Like all weeks in Parliament, there is quite a lot on. Even massive nerds like me struggle to care about most of it, but there are always a few nuggets worth paying attention to. Here are the things healthcare professionals should be paying attention to.
The Health Select Committee will release their report on childhood obesity. This report will make uncomfortable reading for Health Secretary Jeremy Hunt, given the recent furore over the proposed sugar tax and the ongoing crises of junior doctor contract talks and NHS finances. The report will probably generate an ‘action plan’, health professionals will be interested to see if it’s up to snuff.
The Health Select Committee will interview the potential new head of the Care Quality Commission (CQC), Peter Wyman. He has held a few interesting roles over his career. A bit of digging reveals the following:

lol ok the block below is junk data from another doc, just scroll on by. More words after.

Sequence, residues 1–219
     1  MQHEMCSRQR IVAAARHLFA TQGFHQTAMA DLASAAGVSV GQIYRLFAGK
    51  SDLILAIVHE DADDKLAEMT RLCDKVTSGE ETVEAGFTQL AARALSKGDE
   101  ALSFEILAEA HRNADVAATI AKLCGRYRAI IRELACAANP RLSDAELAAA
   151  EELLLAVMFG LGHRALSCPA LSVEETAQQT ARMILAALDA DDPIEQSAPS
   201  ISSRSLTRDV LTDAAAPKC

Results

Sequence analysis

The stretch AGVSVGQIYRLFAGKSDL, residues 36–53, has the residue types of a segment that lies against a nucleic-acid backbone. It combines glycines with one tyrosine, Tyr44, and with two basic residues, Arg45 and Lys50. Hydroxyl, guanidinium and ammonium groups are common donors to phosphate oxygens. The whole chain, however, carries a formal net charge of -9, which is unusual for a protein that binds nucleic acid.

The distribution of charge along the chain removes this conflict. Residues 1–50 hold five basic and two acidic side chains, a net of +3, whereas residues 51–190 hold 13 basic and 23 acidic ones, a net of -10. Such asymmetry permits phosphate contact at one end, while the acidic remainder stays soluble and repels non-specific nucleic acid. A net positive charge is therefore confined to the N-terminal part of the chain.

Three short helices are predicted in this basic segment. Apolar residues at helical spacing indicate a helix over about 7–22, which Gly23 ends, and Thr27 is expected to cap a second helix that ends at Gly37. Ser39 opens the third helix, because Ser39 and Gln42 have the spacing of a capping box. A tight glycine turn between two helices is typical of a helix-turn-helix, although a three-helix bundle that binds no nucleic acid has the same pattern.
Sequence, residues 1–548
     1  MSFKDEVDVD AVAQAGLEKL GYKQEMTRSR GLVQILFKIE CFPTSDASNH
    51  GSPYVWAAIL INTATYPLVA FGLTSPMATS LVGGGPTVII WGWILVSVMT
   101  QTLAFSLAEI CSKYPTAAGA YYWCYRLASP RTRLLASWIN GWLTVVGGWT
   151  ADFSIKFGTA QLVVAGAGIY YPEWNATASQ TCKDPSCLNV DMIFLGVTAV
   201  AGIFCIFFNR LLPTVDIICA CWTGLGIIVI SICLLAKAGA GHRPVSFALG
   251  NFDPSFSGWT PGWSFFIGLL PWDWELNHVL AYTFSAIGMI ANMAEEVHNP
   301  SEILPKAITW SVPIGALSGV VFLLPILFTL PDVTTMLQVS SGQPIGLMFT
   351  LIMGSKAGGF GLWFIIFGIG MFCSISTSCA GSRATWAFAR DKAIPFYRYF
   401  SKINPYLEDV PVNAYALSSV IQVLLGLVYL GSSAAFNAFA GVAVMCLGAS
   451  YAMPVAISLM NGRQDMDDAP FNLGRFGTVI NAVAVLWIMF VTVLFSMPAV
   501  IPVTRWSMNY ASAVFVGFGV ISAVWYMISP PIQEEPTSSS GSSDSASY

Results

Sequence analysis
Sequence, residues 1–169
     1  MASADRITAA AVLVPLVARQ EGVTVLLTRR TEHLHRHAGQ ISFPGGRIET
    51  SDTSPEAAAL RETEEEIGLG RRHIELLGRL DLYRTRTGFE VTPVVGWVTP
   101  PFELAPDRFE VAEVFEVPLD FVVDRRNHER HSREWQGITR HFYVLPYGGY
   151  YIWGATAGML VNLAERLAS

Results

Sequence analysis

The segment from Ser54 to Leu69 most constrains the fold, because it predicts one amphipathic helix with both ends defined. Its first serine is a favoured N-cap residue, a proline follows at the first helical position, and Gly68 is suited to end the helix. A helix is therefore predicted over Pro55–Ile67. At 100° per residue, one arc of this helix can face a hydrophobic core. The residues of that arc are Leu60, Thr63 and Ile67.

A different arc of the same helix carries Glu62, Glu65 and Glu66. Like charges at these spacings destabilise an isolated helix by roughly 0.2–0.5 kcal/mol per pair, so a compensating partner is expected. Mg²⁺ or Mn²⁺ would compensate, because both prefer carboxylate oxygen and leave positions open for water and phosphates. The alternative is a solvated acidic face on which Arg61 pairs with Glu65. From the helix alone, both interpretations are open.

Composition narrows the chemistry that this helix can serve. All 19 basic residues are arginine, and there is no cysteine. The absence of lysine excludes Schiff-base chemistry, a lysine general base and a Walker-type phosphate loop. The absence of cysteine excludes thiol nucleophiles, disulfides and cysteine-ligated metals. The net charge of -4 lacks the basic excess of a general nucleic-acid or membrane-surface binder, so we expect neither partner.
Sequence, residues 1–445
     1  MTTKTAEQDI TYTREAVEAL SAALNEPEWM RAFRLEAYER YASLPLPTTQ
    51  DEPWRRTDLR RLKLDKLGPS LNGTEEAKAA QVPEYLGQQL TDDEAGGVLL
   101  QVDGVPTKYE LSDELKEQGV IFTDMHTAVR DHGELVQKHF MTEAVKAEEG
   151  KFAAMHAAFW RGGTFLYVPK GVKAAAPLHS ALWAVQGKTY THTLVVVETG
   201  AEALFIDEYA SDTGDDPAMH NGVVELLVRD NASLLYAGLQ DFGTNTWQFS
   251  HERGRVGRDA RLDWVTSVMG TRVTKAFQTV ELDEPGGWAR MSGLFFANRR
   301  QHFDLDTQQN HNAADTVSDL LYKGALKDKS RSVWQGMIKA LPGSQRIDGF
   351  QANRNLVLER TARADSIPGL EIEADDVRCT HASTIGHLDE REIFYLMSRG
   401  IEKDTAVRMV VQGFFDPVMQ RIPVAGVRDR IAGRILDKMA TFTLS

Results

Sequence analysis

- He is a senior advisor to Allbright Stonebridge Group – a company that advises multinationals on business strategy, or in blunter terms, a lobbying group.
- He is a member of the board of Companies House. This group oversees businesses in the UK.
- He was previously president of the Institute of Chartered Accountants, and a senior figure at PriceWaterhouseCoopers.
It is a little surprising that the Government’s preferred candidate to oversee the quality of healthcare is a man with ongoing interests in business. Hiring Wyman would open them up to further criticism about their desire to further the links between the NHS and private business interests.
A bill designed to make off-patent drugs cheaper will get its second chance in Parliament. It will take a miracle for it to even be talked about as 11 other bills have to be voted on before it. It has such a late position as it was blocked on its first day by Alistair Burt, Minister for Social Care, who spoke for nearly half an hour to stop it passing.
To be honest, a lot less of interest to healthcare professionals in Parliament this week than most weeks. Though the upcoming junior doctors strike, and the ongoing NHS financial crisis, will ensure health and politics don’t stray too far apart.